Last month, Microsoft launched its new Surface Laptop and Surface Pro 2-in-1 tablet in select markets, and reviews for both device have been positive so far. If you're really picky though, you may not like the fact that both devices are almost impossible to repair, and Microsoft also received some flak for not future-proofing its latest Surface products with USB-C ports.
That's right, Microsoft is sticking with its own proprietary Surface Connect port for now, even though the company apparently created a Surface Laptop prototype with two USB-C ports. Surface Chief Panos Panay recently teased an upcoming USB-C dongle for the Surface Connect port, but the exec also made it clear that USB-C is not ready yet for mass market adoption. "The last thing I want is to take away the port they need today and tomorrow and the next day, to achieve a technology milestone where I then put a barrier in front of my customers," he explained.
All hope is not lost though, as the company is apparently working on a new USB-C connector which could be used in future Surface devices. MSPoweruser spotted that Microsoft filed a patent for an "Electronic connector with C-shaped tapered extension" back in February 2016, which was finally granted to the company this week.
According to the description, the USB-C connector will keep the magnetic capabilities of Microsoft's Surface Connector, though it will be tapered and shorter than standard USB-C ports. "A relatively short plug that is tapered is thought to deliver an enhanced user experience when compared to a conventional USB TYPE-C plug," the description notes.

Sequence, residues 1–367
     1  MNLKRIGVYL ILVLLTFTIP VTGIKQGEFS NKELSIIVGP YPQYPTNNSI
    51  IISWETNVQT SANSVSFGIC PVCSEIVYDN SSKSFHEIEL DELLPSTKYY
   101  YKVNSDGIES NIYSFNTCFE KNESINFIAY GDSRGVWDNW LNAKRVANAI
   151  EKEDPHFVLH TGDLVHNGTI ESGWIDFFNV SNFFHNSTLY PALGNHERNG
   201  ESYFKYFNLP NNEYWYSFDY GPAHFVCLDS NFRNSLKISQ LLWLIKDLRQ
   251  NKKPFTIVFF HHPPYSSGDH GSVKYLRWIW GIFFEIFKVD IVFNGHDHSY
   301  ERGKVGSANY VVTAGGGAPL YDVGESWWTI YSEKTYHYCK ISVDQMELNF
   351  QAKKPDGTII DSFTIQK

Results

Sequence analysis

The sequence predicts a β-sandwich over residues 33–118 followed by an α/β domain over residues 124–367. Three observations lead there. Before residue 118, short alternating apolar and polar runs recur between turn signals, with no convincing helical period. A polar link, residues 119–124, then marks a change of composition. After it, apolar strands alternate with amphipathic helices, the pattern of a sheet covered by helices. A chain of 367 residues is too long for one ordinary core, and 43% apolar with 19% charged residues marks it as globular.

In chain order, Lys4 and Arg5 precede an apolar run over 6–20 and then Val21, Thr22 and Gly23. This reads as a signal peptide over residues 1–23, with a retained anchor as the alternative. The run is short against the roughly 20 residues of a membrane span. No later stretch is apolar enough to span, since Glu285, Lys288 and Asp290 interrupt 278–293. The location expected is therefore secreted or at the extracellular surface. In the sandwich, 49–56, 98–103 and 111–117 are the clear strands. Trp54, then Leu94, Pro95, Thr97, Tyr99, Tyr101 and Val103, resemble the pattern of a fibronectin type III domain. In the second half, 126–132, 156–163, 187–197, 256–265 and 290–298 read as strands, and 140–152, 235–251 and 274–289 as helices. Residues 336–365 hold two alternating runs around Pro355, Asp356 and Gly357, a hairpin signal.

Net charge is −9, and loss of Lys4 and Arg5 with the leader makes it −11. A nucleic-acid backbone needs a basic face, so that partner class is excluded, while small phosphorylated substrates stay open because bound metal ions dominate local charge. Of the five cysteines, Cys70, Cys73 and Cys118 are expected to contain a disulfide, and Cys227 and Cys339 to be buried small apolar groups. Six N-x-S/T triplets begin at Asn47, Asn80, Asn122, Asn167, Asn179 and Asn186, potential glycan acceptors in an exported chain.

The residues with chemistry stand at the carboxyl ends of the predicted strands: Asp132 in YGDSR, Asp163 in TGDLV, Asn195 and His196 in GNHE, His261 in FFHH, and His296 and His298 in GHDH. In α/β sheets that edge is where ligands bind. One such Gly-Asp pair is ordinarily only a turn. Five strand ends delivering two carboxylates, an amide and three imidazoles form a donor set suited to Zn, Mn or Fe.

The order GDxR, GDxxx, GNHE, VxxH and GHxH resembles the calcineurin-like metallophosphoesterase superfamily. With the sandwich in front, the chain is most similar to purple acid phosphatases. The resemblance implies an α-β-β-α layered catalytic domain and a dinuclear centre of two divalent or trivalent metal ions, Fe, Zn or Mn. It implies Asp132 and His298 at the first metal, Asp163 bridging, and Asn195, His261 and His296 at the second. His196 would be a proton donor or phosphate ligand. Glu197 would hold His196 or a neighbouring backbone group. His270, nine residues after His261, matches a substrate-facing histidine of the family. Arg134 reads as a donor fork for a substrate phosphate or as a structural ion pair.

The connector will have both charging and data transfer capabilities, though there is an important catch though: Microsoft says that it will only support USB 2.0 speeds, which is surprising as USB-C ports usually support the faster USB 3.0 or 3.1 protocols (or in some cases, the even more versatile Thunderbolt 3 protocol). But according to Microsoft, this compromise was necessary to create a port that is easier to plug:
The connector described herein allows for power and USB 2.0 (12 or 480 Mbps data) through the connector plug and cable. The described connector does not include the super-speed signal lanes of typical USB TYPE-C implementations. As such, the plug need not include typical USB TYPE-C EMI shielding. As a result, the length of the plug is less than the length of a typical USB TYPE-C plug. The resulting shorter plug facilitates an easy plug attach/detach. It may be appreciated that other signaling rates are possible, but at higher frequencies the EMI may become an issue.
Please note that the patent description doesn't mention the Surface brand specifically, but the different pictures shows a connector that almost looks like Microsoft's current Surface Connect port. It remains to be seen if Microsoft will use this design in future Surface devices, though the company may want to wait until USB-C really becomes an industry standard.